According to the Family and Medical Leave Act (FMLA), a leave year is a right an employee has to take an FMLA leave, provided the employee works for a covered employer. Generally, the FMLA covers private employers with 50 or more employees, government agencies, and elementary and secondary schools. However, the FMLA does not cover private employers with less than 50 employees.
To be eligible to take an FMLA leave, the employee must fulfill the following requirements:
- The employee must have worked for the covered employer for at least twelve months. The employee may or may not have been working for twelve months in a row. However, if the employee had a break in service that lasted for more than seven years, the time worked before the break does not count.
- The employee must have worked for the covered employer for at least 1250 hours (around 24 hours per week) in the 12 months before taking the FMLA leave.
- The employee must work at a location where the employer has at least 50 employees within 75 miles of the worksite.
The employee may take up to twelve weeks of FMLA unpaid job-protected leave during any 12 months period if it is eligible under the above-described criterion and works for a covered employer. During the FMLA leave, the employee will not get paid but will continue with health insurance coverage. Nonetheless, the employee may be required to continue making regular employee contributions.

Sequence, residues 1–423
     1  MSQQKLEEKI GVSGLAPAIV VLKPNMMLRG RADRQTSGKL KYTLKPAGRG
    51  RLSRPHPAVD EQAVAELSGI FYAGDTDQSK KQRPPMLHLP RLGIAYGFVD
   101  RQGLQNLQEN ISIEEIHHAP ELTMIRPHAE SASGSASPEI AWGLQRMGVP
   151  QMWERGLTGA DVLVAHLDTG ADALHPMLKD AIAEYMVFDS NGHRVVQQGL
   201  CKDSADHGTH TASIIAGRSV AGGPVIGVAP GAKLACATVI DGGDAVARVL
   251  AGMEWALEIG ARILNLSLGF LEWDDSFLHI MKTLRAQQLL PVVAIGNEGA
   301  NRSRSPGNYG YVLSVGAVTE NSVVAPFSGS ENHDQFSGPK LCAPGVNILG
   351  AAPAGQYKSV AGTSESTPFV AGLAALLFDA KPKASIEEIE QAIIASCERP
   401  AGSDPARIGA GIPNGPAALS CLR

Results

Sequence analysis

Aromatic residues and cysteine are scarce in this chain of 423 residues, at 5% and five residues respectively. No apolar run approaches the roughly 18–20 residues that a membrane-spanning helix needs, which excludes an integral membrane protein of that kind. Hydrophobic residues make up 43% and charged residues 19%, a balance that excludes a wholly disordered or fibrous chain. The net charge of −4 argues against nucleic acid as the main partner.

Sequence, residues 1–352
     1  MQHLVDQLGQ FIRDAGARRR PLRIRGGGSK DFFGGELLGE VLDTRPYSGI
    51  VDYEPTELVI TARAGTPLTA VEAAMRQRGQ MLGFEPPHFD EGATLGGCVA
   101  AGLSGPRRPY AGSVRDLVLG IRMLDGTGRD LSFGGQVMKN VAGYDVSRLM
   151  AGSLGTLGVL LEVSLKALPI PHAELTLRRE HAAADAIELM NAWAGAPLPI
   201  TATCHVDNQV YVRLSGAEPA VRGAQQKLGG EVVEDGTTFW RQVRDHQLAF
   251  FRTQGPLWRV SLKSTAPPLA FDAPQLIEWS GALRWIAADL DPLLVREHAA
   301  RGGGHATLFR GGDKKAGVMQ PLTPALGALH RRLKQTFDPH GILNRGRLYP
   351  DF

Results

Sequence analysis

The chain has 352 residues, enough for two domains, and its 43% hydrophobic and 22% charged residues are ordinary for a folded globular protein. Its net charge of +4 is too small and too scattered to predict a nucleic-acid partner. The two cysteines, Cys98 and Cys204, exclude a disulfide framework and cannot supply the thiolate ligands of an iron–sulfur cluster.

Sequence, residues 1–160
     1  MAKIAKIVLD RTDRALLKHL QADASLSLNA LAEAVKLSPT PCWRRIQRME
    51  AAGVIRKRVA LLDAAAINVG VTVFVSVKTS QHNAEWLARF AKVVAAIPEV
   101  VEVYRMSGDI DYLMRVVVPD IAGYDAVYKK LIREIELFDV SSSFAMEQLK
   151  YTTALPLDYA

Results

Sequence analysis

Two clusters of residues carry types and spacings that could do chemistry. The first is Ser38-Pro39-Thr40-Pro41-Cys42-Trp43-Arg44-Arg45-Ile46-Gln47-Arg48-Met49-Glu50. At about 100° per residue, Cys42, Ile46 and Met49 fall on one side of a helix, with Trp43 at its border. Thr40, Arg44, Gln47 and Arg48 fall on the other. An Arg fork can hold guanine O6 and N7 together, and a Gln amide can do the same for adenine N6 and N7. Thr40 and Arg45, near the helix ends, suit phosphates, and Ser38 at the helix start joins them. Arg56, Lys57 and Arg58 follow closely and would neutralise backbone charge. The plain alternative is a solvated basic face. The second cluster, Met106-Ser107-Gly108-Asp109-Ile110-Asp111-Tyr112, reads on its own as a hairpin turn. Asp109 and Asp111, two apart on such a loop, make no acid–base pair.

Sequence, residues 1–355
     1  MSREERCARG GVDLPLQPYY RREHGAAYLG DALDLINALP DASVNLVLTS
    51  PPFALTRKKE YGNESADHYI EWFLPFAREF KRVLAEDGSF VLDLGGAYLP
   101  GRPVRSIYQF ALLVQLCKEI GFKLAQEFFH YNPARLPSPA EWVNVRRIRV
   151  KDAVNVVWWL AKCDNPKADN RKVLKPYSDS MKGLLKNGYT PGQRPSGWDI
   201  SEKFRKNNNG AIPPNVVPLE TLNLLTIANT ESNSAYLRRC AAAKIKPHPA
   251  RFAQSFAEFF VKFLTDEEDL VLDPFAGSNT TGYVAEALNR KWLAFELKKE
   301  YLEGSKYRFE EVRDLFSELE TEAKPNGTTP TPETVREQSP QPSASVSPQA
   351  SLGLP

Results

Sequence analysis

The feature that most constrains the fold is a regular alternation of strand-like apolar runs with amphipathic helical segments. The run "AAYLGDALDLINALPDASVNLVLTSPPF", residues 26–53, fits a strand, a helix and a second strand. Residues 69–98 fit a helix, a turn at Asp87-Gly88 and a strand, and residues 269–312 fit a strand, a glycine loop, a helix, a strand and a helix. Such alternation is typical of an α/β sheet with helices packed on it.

The employee may take the FMLA leave for any of the following reasons:
- For a serious health condition (a) affecting the employee’s capacity to work, or (b) affecting the employee’s spouse, child, or parent, to take care of any of them. The employer may require the employee to provide a medical certification.
- For a military deployment, or to take care of a covered servicemember with a serious injury or illness. In the second case, the employee may take up to 26 weeks of FMLA leave.
- For the birth of a child or the placement of a child for adoption or foster care. The employee must take the leave within one year of the child’s birth or placement in a continuous block of leave unless agreed otherwise with the employer (intermittent leave).
The employee may take the FMLA leave as either a single block of time or in multiple blocks of time, if medically necessary. Although the FMLA leave is unpaid, the employee may use available sick leave or vacation time along with the FMLA leave so that the employer continues paying the employee during the FMLA leave. The employer may require the employee to take a paid leave (if available) even if the employee does not want to use it.
When the employee returns from the FMLA leave, the employer must return the employee to the same job or another nearly identical to it, with equivalent pay, benefits, and other employment conditions. Any FMLA leave the employee takes may not be held against the employee in employment actions, such as promotions or disciplinary processes.
[Last updated in July of 2021 by the Wex Definitions Team]